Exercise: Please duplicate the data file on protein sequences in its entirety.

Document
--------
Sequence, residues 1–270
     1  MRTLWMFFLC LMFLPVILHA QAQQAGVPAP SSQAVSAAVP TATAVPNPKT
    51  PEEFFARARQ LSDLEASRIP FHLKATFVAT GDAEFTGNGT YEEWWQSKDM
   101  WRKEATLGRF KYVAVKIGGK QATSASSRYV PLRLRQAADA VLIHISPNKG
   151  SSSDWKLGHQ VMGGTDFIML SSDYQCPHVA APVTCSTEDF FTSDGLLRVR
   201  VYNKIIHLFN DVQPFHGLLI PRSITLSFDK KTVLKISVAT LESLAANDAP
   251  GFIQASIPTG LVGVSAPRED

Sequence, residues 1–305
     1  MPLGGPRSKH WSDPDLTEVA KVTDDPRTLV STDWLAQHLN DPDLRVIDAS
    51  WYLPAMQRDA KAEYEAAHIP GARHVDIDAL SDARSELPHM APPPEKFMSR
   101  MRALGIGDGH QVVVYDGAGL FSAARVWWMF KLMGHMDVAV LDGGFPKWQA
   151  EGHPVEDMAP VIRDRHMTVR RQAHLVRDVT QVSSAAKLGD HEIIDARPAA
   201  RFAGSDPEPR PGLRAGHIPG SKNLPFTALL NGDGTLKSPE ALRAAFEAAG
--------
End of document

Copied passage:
Sequence, residues 1–270
     1  MRTLWMFFLC LMFLPVILHA QAQQAGVPAP SSQAVSAAVP TATAVPNPKT
    51  PEEFFARARQ LSDLEASRIP FHLKATFVAT GDAEFTGNGT YEEWWQSKDM
   101  WRKEATLGRF KYVAVKIGGK QATSASSRYV PLRLRQAADA VLIHISPNKG
   151  SSSDWKLGHQ VMGGTDFIML SSDYQCPHVA APVTCSTEDF FTSDGLLRVR
   201  VYNKIIHLFN DVQPFHGLLI PRSITLSFDK KTVLKISVAT LESLAANDAP
   251  GFIQASIPTG LVGVSAPRED

Sequence, residues 1–305
     1  MPLGGPRSKH WSDPDLTEVA KVTDDPRTLV STDWLAQHLN DPDLRVIDAS
    51  WYLPAMQRDA KAEYEAAHIP GARHVDIDAL SDARSELPHM APPPEKFMSR
   101  MRALGIGDGH QVVVYDGAGL FSAARVWWMF KLMGHMDVAV LDGGFPKWQA
   151  EGHPVEDMAP VIRDRHMTVR RQAHLVRDVT QVSSAAKLGD HEIIDARPAA
   201  RFAGSDPEPR PGLRAGHIPG SKNLPFTALL NGDGTLKSPE ALRAAFEAAG